There's a lot of subliminal messaging scattered throughout, too, which I thought was interesting. A big example of this can be found in the Tachikoma -- they're the walking/rolling AI machines that often assist Motoko throughout her field work.
They're often the ones who, in their own subtle way, ask, "Do we deserve to live? Are we not also alive?" -- and do things outside of their own programming on a regular basis. Or rather, it errs JUST within the side of being an irregularity.
Their conversations with each other give rise to individual personalities within the machines. They begin to form nuances that resemble humans, opinions that defer outside of the normal programming routine of AI, and begin to think not just outside the box, but in creative methods. They begin to express feelings of remorse, regret, happiness, joy -- and ask, "What are these feelings? Why do we have them? HOW did we get them?"
But those questions are never blatantly asked -- they're sort of nudged at through their conversations with each other and with the team. And when a new Tachikoma unit is put into service, we can almost SEE the "social influence" on the machines -- how they form groups with each other, despite not having that kind of logic inside their programming.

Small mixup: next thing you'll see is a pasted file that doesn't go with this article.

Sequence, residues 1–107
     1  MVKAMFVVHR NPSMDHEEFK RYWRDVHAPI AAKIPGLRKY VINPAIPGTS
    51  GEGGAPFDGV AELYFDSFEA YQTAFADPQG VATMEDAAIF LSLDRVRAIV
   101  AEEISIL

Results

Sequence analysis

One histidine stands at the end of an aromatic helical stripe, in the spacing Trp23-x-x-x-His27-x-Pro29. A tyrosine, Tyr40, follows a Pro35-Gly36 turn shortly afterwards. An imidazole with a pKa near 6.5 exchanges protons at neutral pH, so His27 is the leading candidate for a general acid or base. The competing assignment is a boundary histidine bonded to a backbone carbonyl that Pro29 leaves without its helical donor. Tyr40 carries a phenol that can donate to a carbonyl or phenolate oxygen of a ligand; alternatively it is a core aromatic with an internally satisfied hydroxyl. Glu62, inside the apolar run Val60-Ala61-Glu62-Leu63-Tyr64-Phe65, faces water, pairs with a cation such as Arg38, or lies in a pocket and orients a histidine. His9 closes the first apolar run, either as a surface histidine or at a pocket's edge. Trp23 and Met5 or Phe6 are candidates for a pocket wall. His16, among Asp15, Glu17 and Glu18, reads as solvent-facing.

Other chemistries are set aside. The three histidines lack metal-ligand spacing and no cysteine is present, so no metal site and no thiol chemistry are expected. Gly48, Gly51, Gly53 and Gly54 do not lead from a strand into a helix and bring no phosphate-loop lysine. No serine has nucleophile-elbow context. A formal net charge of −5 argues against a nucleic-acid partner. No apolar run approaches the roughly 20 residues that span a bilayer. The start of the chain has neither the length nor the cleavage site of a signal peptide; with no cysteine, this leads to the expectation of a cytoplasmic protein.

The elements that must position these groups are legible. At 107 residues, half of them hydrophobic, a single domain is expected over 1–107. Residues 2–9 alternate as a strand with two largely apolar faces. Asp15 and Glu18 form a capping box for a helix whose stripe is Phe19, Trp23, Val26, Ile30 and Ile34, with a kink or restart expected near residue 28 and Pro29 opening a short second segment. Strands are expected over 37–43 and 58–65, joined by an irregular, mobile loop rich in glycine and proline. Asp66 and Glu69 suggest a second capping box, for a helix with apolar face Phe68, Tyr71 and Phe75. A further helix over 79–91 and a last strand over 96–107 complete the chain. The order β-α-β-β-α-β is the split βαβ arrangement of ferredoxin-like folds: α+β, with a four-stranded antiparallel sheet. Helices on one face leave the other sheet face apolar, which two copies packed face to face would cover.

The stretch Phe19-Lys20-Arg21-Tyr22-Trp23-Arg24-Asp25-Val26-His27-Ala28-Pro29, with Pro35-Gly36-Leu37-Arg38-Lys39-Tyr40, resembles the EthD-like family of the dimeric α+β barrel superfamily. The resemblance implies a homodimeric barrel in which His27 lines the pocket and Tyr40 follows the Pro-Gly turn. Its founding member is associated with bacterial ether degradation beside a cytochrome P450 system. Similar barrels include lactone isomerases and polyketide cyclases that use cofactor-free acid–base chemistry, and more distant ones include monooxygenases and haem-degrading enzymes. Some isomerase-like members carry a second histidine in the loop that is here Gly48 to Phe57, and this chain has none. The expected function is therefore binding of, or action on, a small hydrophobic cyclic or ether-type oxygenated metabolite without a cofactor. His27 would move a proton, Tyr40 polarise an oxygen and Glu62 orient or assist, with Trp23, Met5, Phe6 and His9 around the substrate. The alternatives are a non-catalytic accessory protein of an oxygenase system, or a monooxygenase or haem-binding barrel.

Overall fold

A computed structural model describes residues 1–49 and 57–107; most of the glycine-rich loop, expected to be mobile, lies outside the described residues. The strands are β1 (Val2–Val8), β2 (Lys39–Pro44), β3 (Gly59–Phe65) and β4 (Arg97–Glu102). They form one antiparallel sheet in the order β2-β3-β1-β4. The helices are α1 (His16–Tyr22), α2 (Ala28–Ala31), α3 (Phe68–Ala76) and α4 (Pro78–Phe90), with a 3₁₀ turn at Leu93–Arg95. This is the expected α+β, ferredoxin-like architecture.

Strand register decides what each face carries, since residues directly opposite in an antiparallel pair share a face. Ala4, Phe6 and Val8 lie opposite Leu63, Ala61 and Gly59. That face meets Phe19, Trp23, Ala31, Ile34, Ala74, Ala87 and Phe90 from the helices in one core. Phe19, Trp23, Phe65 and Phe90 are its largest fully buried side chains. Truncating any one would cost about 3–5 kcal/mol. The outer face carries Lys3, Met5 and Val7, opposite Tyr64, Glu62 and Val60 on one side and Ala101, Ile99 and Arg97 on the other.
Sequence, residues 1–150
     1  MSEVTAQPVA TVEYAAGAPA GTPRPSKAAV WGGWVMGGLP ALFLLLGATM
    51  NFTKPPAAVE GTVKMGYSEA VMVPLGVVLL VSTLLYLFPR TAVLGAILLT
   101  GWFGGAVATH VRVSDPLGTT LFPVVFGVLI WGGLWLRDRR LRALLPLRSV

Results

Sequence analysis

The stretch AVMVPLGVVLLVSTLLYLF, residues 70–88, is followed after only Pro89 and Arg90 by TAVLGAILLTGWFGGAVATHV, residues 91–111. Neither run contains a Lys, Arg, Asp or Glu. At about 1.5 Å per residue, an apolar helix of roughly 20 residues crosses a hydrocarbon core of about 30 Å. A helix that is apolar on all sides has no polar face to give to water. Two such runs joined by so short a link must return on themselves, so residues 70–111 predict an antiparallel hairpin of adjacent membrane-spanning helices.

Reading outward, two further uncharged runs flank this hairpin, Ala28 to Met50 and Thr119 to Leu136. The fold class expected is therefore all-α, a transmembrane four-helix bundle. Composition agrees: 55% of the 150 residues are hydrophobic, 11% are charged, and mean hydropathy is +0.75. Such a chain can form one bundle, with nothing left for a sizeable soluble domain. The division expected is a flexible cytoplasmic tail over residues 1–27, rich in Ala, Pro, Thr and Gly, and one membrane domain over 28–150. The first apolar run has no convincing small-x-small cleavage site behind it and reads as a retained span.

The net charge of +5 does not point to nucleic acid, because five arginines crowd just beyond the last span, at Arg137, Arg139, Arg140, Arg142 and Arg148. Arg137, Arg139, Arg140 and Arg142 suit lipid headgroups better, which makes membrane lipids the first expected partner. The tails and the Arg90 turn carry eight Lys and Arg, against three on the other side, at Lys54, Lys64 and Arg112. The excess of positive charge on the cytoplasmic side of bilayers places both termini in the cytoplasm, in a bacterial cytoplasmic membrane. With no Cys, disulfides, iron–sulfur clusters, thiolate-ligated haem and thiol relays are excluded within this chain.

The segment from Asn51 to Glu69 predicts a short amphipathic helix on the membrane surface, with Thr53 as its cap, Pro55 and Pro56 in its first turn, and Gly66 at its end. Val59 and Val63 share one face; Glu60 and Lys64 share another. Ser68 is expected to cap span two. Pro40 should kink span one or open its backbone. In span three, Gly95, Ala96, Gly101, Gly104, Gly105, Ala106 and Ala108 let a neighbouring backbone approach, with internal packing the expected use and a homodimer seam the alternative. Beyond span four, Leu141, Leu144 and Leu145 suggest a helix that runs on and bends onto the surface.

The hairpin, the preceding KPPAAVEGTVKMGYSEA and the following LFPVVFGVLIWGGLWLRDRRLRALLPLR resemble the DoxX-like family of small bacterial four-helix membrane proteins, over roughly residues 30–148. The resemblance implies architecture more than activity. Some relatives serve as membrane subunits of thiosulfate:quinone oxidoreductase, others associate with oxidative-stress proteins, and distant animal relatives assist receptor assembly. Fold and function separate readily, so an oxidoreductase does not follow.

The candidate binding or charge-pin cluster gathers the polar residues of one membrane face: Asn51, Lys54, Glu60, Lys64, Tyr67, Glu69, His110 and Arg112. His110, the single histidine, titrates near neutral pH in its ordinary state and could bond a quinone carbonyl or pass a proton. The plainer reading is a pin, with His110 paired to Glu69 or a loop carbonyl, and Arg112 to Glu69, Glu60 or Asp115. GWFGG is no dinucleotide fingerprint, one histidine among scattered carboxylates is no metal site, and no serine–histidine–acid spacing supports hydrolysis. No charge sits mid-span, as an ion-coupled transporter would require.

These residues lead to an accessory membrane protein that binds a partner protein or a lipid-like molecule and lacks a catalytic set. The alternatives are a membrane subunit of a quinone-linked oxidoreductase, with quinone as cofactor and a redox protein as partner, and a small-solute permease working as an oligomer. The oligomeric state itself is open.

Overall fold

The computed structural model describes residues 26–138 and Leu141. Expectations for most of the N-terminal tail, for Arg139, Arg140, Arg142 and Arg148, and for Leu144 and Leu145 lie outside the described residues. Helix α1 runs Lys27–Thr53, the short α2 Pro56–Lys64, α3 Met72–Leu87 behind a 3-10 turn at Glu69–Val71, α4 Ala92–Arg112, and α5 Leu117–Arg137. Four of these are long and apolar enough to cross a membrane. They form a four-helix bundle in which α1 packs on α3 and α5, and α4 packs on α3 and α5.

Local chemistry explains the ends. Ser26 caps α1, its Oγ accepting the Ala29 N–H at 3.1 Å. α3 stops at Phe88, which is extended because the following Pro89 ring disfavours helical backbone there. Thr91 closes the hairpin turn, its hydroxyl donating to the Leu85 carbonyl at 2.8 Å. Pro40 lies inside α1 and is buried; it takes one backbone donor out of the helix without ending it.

While not an official review, Ghost in the Shell ( and the sub-universe of Stand Alone Complex ) is definitely a 5/5. One of the very few things I absolutely, completely, loved -- and would recommend everyone watching/reading at least once.
The uncensored version is out of print, and is expeeeeensiiiiive. I suppose it'll go on the "maybe someday when I really need something to cheer me up and don't care how much it costs" list.
I've been on an anime kick lately, so I figured I'd do a short post about this one.
I've watched and read Gintama from the very beginning, but only just now did I realize that it's outscoring Full Metal Alchemist in both "critic" reviews and user reviews.